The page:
He also claims that the 14 Challenger tanks we are sending to Ukraine are between a third and a half of our usable fleet: ‘Most of the nominally 200-strong force of these giant killing machines are rusting in warehouses. We promised 30 AS-90 self-propelled artillery guns. Now it turns out we can send only eight, with another 16 at “various states of readiness” elsewhere. That will doubtless be of great comfort to the Ukrainians, who need them all right now. Overstretch last year forced us to bring home half of our 2,000-strong tripwire force in Estonia. The troops still deployed there lack ammunition: our puny “war stocks” of shells are kept in Britain. Our training programme is in shreds.’
In the colourful language of Edward Stringer, a former director of Strategic Command, our approach has been ‘like trying to create a medium-sized rhododendron by pruning a large one. You end up with a lot of roots and too little foliage. Instead, we need a rethink on the lines of those that followed the disastrous Crimean and Boer wars. It should centre on our biggest duty, the defence of Europe in Nato, rather than faraway missions where we will always be too small or too weak to make a difference.’
Here’s how Lucas sums it up: ‘Time is not on our side. Our allies are increasingly impatient with the mismatch between our grand words and skimpy capabilities. Moreover, while we dither and fantasise, Ukraine bleeds and shatters. Worse lies ahead as Russia continues its war of attrition. By the time western allies finally provide warplanes, for example, Ukraine will be gravely short of pilots to fly them.’
There is, of course a more optimistic scenario. The Russian offensive in the east of Ukrainian may well become hopelessly bogged down once the winter frosts have ended and the hard ground has turned to mud. It is also possible that the Ukrainian counter-offensive will succeed and that discontent will grow within Putin’s own armed forces. It’s true that he has vast numbers of men but many have only recently been conscripted and are poorly trained.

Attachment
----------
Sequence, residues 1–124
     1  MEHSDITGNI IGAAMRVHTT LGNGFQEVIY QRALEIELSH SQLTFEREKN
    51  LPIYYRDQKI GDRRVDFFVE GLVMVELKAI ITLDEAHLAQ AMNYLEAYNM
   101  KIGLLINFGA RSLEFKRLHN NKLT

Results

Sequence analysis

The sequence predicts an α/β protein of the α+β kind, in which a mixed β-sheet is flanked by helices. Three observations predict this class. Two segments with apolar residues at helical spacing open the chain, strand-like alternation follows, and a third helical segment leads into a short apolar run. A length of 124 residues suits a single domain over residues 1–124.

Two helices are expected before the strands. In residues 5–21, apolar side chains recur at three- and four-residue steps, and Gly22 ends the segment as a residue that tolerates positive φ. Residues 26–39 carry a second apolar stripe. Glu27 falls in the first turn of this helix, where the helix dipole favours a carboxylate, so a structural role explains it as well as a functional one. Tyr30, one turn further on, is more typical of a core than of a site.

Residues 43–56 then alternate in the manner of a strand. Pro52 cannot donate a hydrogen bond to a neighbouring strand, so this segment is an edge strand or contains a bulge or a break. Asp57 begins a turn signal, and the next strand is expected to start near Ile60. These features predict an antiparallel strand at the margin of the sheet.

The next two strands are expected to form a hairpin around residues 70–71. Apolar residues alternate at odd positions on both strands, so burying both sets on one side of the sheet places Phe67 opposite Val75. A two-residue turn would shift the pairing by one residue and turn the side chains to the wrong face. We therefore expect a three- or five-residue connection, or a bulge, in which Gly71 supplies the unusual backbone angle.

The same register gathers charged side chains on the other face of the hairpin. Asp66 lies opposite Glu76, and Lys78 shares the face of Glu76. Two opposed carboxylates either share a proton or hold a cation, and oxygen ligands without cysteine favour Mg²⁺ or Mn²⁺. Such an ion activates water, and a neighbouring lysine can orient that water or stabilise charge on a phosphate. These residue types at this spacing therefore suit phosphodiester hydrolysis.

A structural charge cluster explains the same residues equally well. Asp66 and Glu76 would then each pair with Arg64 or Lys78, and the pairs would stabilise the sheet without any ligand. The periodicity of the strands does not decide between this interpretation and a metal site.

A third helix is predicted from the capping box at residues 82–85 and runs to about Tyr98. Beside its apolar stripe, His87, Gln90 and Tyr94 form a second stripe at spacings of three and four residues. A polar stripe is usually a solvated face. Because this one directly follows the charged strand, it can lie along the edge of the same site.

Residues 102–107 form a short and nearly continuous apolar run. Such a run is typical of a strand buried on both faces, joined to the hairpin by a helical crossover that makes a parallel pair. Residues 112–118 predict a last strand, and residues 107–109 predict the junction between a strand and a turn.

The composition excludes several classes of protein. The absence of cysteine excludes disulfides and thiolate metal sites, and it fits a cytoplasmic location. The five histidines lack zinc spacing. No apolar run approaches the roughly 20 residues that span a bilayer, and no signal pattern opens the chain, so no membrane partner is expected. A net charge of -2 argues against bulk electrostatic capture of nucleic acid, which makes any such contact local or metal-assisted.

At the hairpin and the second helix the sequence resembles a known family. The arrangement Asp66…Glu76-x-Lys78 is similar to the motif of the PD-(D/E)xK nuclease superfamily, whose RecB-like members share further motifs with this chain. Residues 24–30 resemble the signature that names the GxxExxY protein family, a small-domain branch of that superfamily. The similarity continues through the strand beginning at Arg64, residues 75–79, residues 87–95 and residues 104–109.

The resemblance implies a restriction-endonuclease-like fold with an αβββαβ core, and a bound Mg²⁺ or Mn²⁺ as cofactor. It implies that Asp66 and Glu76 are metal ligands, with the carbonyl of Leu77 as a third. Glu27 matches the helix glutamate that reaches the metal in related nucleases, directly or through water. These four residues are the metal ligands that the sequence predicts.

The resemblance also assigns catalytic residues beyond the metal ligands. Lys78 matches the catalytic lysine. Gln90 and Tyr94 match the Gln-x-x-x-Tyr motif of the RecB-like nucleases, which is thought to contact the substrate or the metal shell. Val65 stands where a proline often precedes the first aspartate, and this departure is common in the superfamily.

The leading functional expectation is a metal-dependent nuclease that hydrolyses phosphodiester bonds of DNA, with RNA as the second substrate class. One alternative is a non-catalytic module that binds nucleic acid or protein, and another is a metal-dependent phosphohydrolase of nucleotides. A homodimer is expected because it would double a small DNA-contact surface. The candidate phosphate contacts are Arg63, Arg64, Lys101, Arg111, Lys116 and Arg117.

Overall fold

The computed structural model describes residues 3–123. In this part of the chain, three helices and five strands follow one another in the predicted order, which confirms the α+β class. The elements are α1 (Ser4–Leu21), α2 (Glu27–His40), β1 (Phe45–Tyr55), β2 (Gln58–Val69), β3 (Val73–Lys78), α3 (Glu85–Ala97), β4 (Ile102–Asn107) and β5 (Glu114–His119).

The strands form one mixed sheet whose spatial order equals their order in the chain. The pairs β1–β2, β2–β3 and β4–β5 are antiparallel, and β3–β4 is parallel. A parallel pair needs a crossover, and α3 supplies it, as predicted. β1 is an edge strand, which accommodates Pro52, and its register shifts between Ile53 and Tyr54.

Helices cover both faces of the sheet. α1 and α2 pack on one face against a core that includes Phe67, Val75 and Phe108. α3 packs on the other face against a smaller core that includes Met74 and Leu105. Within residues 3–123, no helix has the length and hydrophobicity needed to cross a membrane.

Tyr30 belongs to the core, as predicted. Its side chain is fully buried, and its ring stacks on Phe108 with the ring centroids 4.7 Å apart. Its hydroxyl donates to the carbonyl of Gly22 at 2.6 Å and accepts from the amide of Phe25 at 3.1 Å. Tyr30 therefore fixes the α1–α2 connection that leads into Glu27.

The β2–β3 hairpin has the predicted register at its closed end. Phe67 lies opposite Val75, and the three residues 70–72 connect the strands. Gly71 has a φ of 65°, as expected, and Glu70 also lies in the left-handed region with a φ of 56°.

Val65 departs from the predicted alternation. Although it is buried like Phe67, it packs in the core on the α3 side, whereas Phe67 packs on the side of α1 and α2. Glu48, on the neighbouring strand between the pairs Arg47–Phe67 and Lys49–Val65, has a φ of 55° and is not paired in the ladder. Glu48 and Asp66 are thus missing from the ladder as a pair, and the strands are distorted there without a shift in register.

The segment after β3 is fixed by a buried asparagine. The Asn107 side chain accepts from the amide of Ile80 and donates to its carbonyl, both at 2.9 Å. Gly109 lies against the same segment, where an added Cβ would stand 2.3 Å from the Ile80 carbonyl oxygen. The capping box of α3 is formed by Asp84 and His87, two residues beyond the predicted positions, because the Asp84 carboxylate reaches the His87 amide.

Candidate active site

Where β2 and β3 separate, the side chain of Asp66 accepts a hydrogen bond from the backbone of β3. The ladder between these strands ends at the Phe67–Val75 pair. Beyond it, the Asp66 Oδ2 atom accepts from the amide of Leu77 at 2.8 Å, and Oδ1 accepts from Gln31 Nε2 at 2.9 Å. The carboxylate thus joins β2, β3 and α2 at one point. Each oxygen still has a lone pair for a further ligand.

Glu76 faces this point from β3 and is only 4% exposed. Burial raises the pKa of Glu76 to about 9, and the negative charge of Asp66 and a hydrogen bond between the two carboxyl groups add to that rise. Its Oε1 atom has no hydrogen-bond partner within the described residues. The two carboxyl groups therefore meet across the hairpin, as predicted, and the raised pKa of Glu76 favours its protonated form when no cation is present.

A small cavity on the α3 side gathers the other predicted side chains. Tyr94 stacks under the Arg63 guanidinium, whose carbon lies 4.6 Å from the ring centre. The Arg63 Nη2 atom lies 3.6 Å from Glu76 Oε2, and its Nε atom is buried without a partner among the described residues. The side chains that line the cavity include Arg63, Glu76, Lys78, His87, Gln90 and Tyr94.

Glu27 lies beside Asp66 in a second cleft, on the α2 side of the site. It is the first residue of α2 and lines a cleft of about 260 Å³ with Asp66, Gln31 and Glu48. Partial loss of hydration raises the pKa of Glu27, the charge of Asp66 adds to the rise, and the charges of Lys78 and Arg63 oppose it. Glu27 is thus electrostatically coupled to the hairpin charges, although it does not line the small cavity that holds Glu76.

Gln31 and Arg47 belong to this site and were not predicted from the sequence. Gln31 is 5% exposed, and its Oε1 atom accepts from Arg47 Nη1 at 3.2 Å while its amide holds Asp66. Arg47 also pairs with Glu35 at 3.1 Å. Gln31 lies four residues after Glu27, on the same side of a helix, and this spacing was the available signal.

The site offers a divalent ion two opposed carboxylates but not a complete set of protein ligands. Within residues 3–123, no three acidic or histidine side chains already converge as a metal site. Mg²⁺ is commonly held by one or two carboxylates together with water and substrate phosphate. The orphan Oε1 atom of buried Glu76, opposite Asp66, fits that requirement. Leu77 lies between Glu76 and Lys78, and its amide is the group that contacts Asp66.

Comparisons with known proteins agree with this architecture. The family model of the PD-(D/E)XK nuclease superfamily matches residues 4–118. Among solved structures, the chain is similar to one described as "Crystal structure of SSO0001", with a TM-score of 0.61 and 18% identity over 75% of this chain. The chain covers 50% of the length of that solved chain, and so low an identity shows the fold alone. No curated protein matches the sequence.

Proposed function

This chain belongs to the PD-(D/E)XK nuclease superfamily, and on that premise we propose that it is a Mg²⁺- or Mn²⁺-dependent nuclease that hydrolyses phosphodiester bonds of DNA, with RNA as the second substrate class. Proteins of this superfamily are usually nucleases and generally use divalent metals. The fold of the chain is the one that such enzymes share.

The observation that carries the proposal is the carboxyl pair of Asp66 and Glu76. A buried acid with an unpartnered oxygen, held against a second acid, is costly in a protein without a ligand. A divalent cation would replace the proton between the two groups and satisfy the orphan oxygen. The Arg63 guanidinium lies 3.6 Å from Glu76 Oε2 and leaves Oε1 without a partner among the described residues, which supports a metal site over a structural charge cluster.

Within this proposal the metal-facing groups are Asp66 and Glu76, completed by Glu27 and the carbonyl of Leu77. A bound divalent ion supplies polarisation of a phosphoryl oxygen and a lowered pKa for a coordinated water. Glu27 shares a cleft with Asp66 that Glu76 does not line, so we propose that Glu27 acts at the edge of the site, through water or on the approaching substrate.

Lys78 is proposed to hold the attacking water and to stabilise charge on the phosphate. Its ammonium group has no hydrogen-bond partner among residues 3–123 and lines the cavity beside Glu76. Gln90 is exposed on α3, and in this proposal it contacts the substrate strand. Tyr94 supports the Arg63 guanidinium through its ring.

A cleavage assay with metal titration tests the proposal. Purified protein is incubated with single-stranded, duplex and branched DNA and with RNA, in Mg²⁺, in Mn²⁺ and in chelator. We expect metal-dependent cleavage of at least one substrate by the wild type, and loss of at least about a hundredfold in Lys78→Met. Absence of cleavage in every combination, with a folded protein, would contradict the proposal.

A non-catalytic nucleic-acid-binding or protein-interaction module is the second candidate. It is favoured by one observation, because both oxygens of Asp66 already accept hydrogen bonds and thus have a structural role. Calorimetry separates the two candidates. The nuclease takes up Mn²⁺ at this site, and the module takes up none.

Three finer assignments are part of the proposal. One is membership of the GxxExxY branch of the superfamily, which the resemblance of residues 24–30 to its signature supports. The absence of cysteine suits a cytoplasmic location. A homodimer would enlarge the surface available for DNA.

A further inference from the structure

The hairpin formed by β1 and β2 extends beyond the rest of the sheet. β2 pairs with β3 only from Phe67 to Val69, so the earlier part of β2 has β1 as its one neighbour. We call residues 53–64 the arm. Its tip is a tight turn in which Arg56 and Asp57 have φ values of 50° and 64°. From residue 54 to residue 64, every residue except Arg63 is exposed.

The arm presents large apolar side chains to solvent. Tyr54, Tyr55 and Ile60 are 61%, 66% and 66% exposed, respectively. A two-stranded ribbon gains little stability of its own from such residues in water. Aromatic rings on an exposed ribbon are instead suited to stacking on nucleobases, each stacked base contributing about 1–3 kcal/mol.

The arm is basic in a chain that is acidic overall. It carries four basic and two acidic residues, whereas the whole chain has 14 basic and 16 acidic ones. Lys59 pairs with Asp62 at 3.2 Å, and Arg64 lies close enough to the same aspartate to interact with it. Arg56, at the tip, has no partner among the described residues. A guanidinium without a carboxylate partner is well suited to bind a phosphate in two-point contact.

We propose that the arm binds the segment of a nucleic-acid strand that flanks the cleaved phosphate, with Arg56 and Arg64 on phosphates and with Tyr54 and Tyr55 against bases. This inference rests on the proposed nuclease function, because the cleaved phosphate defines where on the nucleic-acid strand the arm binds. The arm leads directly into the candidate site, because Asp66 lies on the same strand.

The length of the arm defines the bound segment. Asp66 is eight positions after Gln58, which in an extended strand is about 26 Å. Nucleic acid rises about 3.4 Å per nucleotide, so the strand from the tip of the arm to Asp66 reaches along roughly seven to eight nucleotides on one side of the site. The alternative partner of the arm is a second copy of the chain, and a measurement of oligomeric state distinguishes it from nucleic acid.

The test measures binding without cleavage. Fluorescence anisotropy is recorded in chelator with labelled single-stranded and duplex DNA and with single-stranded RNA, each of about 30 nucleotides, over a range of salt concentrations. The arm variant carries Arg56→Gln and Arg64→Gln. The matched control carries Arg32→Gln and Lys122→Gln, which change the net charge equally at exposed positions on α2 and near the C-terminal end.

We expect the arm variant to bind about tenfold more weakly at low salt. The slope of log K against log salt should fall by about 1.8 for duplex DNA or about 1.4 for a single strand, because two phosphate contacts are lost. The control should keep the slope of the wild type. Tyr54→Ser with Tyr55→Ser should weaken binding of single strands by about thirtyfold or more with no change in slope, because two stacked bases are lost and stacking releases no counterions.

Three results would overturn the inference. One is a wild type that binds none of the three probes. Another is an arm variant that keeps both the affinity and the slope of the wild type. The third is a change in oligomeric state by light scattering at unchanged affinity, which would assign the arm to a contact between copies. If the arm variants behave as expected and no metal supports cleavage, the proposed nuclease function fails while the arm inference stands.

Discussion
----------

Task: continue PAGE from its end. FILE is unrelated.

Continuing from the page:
Western optimists recall what happened towards the end of the Great War in 1917 when the once-mighty armies of the Tsar disintegrated. In some respects that could prove a mixed blessing. There are some very powerful men in Moscow who command large private forces and hold no personal loyalty to Putin. The leader of the most powerful – the Wagner private army – only recently accused the top Kremlin leaders of ‘treason’ for the deaths of many of his men. An unstable Russia controlled by private armies is not, for many seasoned observers, an attractive prospect.
As the Sunday Times has opined in its editorial column: ‘We should beware of magical thinking. A defeated Russia will be volatile and vengeful. And it may yet cudgel Ukraine into submission, gaining territorial and other trophies. Whatever the war’s outcome, Europe will be a dangerous place. And we are dangerously ill-defended.’
Britain must also, it says, reassess its diplomatic relationships: ‘The war has had a seismic impact on global geopolitics, and we must respond accordingly. China is now considering supplying arms to Russia. If it does so, it will effectively turn a regional conflict into a proxy world war. Sweden and Finland want to join Nato. We must help them. Relationships with Poland, Moldova, the Baltic states and the Balkans must be strengthened. At a time when pro-Russian sentiment is growing in Africa, we must also invest in the Commonwealth. Putin has made it clear he is preparing Russia for a war that will last a generation. He believes the West will tire of its commitment and sue for peace.’
And if that happens? Do you believe we should adopt a posture of letting bygones be bygones… that anything is preferable to a return to the worst days of the Cold War with the shadow of a nuclear confrontation always hovering? Indeed, do you accept that might there might come a point when it is we in the west who sue for peace in Ukraine? Perhaps we should put pressure on President Zelensky to cede some territory in the east on a promise from Putin that he will respect the sovereignty of what remains of Ukraine? Or do you believe that a promise from Putin is as worthless as a spent cartridge and the west should give Ukraine everything it needs to turf him out?
Let us know